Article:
Over the past few weeks, certain parts of South Africa experienced disruptive rain as well as cloudy weather, widespread showers, and thundershowers, despite the country being in the summer season.
According to the weather service, La Niña is responsible for the country experiencing some uncharacteristically chilly summer days.
“We have been experiencing above-normal rainfall conditions as expected with the La Niña state as measured by ENSO [El Niño-Southern Oscillation]. It is not abnormal for [La Niña] to happen, however, it is expected considering that it’s under summer,” Saws forecaster, Lehlogonolo Thobela said during an interview on eNCA.
South Africans, Thobela cautioned, can brace themselves for a rainy Christmas weekend.
“We have a 60% chance of showers and thundershowers on Christmas day. We expect the central and eastern parts of the country to experience isolated showers and thundershowers, [where it will be] scattered over Gauteng, the eastern parts of North West, south-western parts of Limpopo, the south-western parts of Mpumalanga [as well as] the western parts of KwaZulu-Natal,” he said.
These weather patterns are expected to result in localised flooding of susceptible settlements, roads, and low-lying areas, difficult driving conditions and traffic disruptions as a result of significant falls and lower visibility, as well as wet roads at times.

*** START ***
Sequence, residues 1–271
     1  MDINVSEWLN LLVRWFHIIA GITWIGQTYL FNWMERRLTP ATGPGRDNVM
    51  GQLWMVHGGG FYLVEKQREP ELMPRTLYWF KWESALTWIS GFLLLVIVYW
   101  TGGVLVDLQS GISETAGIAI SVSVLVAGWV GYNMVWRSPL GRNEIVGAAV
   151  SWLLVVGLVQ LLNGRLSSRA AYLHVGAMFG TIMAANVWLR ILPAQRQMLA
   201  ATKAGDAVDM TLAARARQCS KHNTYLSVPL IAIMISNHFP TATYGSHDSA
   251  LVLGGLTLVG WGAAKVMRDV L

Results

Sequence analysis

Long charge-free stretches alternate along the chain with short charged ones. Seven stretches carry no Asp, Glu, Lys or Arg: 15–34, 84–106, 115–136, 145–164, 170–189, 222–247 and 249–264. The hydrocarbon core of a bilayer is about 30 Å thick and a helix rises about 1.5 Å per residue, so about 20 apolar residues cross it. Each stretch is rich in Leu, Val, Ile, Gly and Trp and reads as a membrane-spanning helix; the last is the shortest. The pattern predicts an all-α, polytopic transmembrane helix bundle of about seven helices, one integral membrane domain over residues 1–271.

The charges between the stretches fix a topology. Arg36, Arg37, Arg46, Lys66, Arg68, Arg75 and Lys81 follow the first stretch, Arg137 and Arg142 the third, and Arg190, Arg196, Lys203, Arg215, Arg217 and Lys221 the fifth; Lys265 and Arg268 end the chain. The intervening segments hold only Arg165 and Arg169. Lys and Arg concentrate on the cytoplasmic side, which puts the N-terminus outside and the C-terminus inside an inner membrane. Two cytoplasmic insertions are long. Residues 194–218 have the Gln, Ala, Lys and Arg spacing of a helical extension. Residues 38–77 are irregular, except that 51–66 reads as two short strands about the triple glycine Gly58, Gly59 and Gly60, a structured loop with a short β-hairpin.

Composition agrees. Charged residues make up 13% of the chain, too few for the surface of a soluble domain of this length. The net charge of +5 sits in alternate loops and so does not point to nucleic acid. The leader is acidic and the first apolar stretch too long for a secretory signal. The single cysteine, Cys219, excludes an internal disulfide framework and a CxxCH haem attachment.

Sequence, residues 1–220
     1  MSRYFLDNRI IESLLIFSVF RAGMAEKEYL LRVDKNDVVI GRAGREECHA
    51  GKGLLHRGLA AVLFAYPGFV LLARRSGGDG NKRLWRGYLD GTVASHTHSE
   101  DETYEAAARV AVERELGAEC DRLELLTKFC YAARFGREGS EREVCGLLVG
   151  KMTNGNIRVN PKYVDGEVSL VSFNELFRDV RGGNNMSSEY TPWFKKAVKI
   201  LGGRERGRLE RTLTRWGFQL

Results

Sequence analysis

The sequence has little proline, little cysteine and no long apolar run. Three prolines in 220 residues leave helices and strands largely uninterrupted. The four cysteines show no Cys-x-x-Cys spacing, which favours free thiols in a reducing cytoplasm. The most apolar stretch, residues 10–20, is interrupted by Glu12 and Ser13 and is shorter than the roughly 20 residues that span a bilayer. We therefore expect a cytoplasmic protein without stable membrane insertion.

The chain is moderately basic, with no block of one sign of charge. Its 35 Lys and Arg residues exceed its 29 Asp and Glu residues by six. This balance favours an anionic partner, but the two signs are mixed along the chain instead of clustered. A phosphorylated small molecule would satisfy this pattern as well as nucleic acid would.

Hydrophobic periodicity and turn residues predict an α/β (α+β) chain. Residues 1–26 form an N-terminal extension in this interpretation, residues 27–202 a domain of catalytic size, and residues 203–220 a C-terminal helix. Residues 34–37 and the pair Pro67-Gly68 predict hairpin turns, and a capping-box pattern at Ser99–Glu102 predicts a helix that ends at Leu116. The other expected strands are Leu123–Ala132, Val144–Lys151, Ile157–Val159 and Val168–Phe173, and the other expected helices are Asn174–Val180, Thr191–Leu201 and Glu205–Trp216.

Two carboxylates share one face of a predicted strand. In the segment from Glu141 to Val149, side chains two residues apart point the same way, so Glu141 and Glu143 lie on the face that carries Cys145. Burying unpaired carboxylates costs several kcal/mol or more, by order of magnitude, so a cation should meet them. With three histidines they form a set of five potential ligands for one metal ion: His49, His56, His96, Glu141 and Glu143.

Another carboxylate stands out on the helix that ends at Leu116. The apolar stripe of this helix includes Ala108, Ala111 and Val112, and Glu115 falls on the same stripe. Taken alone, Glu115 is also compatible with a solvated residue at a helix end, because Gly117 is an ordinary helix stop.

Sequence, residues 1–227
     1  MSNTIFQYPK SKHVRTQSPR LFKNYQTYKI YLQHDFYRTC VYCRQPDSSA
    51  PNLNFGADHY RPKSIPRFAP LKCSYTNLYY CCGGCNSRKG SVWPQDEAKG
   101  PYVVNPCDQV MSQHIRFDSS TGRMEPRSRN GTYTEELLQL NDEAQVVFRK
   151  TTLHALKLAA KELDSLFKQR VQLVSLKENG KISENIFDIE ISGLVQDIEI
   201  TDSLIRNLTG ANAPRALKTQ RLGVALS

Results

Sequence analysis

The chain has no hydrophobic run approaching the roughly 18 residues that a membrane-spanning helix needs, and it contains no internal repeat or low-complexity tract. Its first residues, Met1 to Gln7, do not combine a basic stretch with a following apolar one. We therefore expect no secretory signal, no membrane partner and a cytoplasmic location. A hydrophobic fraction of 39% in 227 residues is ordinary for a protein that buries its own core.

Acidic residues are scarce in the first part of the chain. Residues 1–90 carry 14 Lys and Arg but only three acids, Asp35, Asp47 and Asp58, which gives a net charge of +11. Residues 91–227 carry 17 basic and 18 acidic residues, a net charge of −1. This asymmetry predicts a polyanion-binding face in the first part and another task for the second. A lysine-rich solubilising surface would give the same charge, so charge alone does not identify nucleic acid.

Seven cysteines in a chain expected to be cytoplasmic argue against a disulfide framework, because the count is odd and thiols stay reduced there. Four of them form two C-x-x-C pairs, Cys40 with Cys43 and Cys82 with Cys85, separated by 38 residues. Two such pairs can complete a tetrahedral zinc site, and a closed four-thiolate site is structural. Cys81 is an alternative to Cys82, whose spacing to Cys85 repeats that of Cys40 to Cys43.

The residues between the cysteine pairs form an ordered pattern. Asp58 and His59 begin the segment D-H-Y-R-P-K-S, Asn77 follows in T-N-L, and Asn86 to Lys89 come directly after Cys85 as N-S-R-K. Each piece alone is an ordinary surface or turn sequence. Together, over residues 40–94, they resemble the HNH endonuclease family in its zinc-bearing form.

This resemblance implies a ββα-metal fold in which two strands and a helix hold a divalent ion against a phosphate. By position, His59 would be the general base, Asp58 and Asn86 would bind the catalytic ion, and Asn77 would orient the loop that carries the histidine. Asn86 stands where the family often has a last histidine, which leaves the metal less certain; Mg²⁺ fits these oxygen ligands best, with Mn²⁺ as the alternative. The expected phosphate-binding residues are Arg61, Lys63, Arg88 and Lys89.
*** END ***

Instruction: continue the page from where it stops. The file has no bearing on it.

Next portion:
Rainfall can also be expected on New Year’s Day.
“With [La Niña] happening, most conditions seem to be prone to more rainfall and heavy rainfall. The precipitation levels are showing to have rainfall occurring all throughout the third or fourth of January next year so it looks like it will be a blessed new year,” Thobela continued to say.
La Niña weather patterns
According to the World Meteorological Organisation (WMO) La Niña has developed for the second consecutive year and is expected to last into early 2022, influencing temperatures and precipitation.
La Niña refers to the large-scale cooling of the ocean surface temperatures in the central and eastern equatorial Pacific Ocean, coupled with changes in the tropical atmospheric circulation, namely winds, pressure and rainfall.
It usually has the opposite effects on weather and climate as El Niño, which is the warm phase of the so-called ENSO.
But even with mounting data and improving computer models, El Niño, La Niña and the Southern Oscillation remain difficult to predict.